Since the initial launch of SharePoint hub sites in late 2017, we hear about them occasionally as they make their way through various releases. New and existing customers are trying to figure out how to take advantage of some of the hub site features.
As with every new major feature, it takes a while to understand the impact and the direction Microsoft is taking. While that impact is assessed, there are a lot of myths around what hub sites are and where they are going.
I've collected few of the important points here and backed them up with Microsoft public sources.
So What is a SharePoint hub site?
In short, a SharePoint hub site is a modern site (collection) just like any other modern site. This site can then be "set" by administrator as a hub site using a single PowerShell command (Register-SPOHubSite).
Once that site becomes a hub site, users who create a new modern site can associate their newly created site to a hub site thus inheriting hub site's: Navigation, Theme, and Logo.
In addition to providing common theme and navigation, hub sites will aggregate news content from the sites associated to them just as Content Search Web Part would in traditional/classic scenario.
SharePoint Hub Sites: What are the things to know?
Despite this simple model there are few things to remember, here they are:
Associating Sites to Hub Site
You can associate modern site, as you create it, to any hub site. You can also associate the site at a later time
You can "demote" the hub site to a regular modern site at any time using a PowerShell command. If that hub site has been demoted, the related sites which have been under it become "orphaned". This doesn't mean they're lost, users can still get to them using the URL or the SharePoint dashboard in Office 365.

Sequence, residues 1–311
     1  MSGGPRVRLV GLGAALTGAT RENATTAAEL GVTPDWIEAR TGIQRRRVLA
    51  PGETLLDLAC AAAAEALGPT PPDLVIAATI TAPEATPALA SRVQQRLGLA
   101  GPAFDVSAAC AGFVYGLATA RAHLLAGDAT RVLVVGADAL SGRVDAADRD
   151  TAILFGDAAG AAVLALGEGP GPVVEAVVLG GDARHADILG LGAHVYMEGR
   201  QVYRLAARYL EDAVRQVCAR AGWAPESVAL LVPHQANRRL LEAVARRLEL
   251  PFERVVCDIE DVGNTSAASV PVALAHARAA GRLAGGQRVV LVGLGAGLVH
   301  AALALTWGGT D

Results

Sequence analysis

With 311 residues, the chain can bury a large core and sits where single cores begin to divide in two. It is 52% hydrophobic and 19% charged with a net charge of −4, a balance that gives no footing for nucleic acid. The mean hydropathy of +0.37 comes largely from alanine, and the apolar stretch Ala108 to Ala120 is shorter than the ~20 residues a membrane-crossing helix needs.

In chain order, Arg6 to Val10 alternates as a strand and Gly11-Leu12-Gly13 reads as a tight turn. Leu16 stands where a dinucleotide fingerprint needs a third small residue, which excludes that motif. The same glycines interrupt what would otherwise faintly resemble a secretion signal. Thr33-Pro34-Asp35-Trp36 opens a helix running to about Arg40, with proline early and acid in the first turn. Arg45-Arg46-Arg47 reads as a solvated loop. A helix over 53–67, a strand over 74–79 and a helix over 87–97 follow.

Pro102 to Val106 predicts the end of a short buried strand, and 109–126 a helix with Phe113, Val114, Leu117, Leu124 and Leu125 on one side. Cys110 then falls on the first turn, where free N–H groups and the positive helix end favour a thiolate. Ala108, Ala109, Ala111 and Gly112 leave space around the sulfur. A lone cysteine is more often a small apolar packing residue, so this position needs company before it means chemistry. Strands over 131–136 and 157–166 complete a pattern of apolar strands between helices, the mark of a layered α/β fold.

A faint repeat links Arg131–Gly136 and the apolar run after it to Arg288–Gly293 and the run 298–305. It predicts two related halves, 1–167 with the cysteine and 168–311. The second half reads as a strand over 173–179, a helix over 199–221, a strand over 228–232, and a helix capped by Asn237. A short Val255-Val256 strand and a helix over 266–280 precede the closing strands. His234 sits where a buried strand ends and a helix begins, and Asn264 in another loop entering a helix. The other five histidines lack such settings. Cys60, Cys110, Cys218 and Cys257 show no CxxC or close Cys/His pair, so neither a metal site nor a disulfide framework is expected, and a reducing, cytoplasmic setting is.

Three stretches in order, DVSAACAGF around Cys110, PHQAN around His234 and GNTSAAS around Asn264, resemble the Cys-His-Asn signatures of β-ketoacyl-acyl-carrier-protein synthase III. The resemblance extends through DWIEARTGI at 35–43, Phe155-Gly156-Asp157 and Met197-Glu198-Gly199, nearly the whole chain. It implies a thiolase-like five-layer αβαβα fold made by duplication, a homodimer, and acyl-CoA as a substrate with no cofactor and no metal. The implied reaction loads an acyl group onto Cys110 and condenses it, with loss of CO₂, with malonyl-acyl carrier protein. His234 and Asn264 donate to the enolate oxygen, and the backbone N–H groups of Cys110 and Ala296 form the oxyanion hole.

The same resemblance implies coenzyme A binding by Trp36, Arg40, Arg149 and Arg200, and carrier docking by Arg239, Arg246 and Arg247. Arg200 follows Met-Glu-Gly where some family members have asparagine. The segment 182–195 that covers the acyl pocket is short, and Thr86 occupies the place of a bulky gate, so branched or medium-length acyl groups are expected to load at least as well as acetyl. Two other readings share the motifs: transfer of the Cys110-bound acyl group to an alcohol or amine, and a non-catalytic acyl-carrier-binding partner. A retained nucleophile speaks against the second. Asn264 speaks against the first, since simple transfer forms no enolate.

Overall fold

Having the flexibility to create sites which don't follow any particular hierarchy doesn't mean you can create and re-create sites without impacting users. As you build up your first hub site as an umbrella for a group of sites your users will expect this content to stay there. Of course you can move things but you'd still have to follow the same change management you did in the past.
The good news is that since now all of the sites are flat and don't have hierarchy, when your users bookmark something, even if it becomes part of the hub sites, the URL will not change and their link will remain working. In the past, in classic experience, as you move sub-sites around URLs change and users would get 404 error.
Hierarchy of Sharepoint Hub Sites
If you're thinking to create traditional Information Architecture where you have hub sites acting as landing pages and then more hub sites under them, unfortunately that's not possible at this time.
In other words, hub site can not be under another hub site. You can have parallel hub sites but they can't be grouped under an overarching hub site. Having said that, you can fake that hierarchy with a lading site which has links to various hub sites. In many cases this will suffice and users will navigate from landing site to their respective areas.
On the same token, a site can only belong to a single hub site and polyhierarchy is not supported. This may sound like a limitation but polyhierarchies are usually not popular on the intranet since rarely we want to have particular content reside under 2 separate branches. This is common for public e-commerce sites though.
Classic Experience and a Hub Site
Can a classic site in SharePoint Online be joined to a hub site? Yes, but ...
You can't pick a random classic sub-site under a site collection, only site collections can be joined to a hub site. This is likely to preserve flat URL approach which is only possible with site collections.
Provided then, you have a classic site collection, you'll need to create a new modern page as a home page under that classic site collection so that you have access to the association UI to create a link to a hub site. However, this means that your classic home page on that site collection will not longer be displayed to users. After it's been associated, you can switch back the home page to the classic UI.
As a workaround, if you'd like to join a classic sub-site to a hub site, you'll want to migrate that classic sub site to a new site collection and associate it.
Hub Sites On-Prem
Can on-prem sites join a hub site? Not for a bit but likely is coming.
Hope this helps in your upcoming intranet design strategies. Post your comments below, would love to hear your thoughts!
Yaroslav Pentsarskyy is the Director of Product at Origami. He's also 8 time Microsoft MVP, speaker at many local and worldwide tech events, and a published author of several SharePoint related books.